Once all of this is in place and something untoward occurs, then I:

Buy Time

Time is on my side. There is nothing as poignant as a good long pause. Unlike firefighters, time is not an issue. I can delay responding in most cases. In the case of a severe challenge, such as a student swearing directly at me, I can pause and then say, “Let’s take an early (or extra) break. Let (student name) and I have a chat and we will start again in 10 minutes.” Whatever you do, do not make a public show of the incident.

Document Concerning Incidents

My own ego can be on hold, but the students need to be respected and protected. If a student makes a comment that could cause pain to other students, I say, “I am sorry. I can’t accept that type of comment. I will send you an email after class telling you why.” Now, I have inserted follow-up and documentation very smoothly into the incident thus likely de-escalating it quickly.

Create Community

I don’t want to introduce any unnecessary antagonism between students themselves or between me and a student. I don’t want to blame. Honkasilta et al (2016) examined student reactions to how teachers manage incidents and suggest that

“Students and teachers positing each other as the antagonists of stories of classroom management by invoking sociocultural role and norm expectations do not bring about solutions for classroom management; on the contrary, this only strengthens the culture of blame.”

Honkasilta et al (2016)

Reflect

One of my most influential teachers was David J. Mendelsohn who taught Linguistics at the University of Toronto when I did my TESL Certificate. He said that there were seven deadly sins of teaching with the foremost being

“Failing to love and respect our students.”

Many times when I question my own behaviours in class or consult on incidents, I hear his words.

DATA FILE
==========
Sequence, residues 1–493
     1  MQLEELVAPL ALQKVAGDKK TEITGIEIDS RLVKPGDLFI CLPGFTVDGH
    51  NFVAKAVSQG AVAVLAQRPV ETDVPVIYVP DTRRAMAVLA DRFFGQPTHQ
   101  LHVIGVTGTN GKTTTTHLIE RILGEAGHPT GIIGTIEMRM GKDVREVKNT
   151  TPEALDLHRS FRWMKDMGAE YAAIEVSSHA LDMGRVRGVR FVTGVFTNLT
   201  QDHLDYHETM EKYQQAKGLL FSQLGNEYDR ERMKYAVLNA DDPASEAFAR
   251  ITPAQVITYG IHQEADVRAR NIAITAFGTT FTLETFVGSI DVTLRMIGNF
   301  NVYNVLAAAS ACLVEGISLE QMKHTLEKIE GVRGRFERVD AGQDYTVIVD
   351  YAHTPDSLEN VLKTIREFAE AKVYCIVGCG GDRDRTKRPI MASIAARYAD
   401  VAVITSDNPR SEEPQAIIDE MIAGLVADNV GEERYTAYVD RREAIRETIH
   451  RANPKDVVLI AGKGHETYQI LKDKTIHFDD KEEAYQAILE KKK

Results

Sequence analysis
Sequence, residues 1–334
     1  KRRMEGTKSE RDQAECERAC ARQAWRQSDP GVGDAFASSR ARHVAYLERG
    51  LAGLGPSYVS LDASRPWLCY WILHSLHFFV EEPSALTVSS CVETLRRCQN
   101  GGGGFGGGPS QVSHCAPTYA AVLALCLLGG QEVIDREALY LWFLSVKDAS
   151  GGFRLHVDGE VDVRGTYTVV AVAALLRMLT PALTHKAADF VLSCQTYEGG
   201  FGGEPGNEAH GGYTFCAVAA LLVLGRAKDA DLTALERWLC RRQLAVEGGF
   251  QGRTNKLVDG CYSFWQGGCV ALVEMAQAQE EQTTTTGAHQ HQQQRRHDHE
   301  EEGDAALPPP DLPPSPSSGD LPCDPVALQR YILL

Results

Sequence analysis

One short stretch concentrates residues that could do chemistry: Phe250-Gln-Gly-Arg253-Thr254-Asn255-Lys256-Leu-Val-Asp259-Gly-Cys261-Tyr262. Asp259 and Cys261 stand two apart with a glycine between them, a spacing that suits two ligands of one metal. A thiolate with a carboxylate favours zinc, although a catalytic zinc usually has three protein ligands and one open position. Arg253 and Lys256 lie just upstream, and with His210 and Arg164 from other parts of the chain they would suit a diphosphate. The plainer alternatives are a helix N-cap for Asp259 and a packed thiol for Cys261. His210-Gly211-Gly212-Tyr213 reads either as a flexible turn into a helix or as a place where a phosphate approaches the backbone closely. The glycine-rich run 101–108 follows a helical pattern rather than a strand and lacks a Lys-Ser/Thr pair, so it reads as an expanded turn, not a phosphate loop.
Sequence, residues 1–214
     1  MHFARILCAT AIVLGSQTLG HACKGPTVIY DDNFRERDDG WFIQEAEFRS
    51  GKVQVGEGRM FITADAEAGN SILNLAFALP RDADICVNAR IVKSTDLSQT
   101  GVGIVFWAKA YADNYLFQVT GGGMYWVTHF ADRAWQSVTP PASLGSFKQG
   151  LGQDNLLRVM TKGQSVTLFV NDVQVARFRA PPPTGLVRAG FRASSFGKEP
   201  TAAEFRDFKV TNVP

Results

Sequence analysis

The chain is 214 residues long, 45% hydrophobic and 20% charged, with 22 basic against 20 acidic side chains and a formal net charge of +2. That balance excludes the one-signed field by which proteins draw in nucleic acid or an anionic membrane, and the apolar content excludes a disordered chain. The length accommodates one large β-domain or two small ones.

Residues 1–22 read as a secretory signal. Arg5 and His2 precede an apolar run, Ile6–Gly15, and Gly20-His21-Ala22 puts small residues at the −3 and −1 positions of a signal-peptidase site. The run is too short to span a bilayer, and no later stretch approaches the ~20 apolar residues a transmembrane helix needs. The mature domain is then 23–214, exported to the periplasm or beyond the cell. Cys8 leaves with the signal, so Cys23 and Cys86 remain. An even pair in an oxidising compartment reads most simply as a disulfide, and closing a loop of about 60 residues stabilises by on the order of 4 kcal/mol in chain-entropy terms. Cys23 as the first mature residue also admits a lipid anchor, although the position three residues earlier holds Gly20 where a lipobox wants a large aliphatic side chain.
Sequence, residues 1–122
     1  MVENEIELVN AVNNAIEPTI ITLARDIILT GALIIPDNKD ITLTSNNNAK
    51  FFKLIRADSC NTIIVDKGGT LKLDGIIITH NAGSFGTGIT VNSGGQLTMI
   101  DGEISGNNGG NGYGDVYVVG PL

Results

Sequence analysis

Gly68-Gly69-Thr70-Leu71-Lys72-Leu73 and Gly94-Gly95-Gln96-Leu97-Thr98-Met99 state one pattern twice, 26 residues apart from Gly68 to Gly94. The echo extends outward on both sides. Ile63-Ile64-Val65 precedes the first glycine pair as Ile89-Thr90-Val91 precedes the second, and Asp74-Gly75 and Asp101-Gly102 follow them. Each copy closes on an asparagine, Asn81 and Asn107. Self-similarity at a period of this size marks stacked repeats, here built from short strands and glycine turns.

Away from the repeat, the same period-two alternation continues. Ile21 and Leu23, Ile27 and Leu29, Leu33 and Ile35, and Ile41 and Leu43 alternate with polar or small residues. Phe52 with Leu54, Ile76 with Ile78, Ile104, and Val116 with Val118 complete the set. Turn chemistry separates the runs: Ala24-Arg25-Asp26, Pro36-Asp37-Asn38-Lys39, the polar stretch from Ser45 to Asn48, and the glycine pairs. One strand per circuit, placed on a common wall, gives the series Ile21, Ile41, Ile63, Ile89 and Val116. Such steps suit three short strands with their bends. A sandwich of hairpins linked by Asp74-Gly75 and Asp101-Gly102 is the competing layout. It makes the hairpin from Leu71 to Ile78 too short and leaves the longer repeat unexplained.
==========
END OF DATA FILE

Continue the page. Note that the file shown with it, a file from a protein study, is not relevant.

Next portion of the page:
References

Adolfo, P. (2010). The Dreyfus model of clinical problem-solving skills acquisition: a critical perspective. Medical Education Online, Vol 15, Iss 0, Pp 1-11 (2010), (0), 1.

Hambrick, D. Z., Altmann, E. M., Oswald, F. L., Meinz, E. J., Gobet, F., & Campitelli, G. (2014). Accounting for expert performance: The devil is in the details. Intelligence, 45(Acquiring Expertise: Ability, Practice, and Other Influences), 112-114.

Honkasilta, J., Vehkakoski, T., & Vehmas, S. (2016). ‘The teacher almost made me cry’ Narrative analysis of teachers’ reactive classroom management strategies as reported by students diagnosed with ADHD. Teaching And Teacher Education, 55100-109.

McIntyre, N. A., Mainhard, M. T., & Klassen, R. M. (2017). Are you looking to teach? Cultural, temporal and dynamic insights into expert teacher gaze. Learning And Instruction, 49 41-53.

Wolff, C. E., Jarodzka, H., & Boshuizen, H. P. (2017). See and tell: Differences between expert and novice teachers’ interpretations of problematic classroom management events. Teaching And Teacher Education, 66 295-308.


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  • Published: February 14, 2018
  • Word Count: 2465
  • Reading time: ~ 7 minutes
  • Rights: Creative Commons CC-BY Attribution License This work is licensed under a Creative Commons CC-BY Attribution 4.0 International License.
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Kathryn Brillinger

Kathryn is the Director of Teaching and Learning at Conestoga, bringing more than 30 years of teaching experience in the Ontario college system, specializing in English as a Second Language learning, diversity and intercultural skills. Internationally, she has presented on the impact of nonverbal cues on communication endeavours, and solving teaching and intercultural dilemmas. Kathryn holds an M.Ed., and certificates in TESL and Intercultural Studies. Contact Kathryn to discuss suggestions regarding potential programming for Teaching and Learning.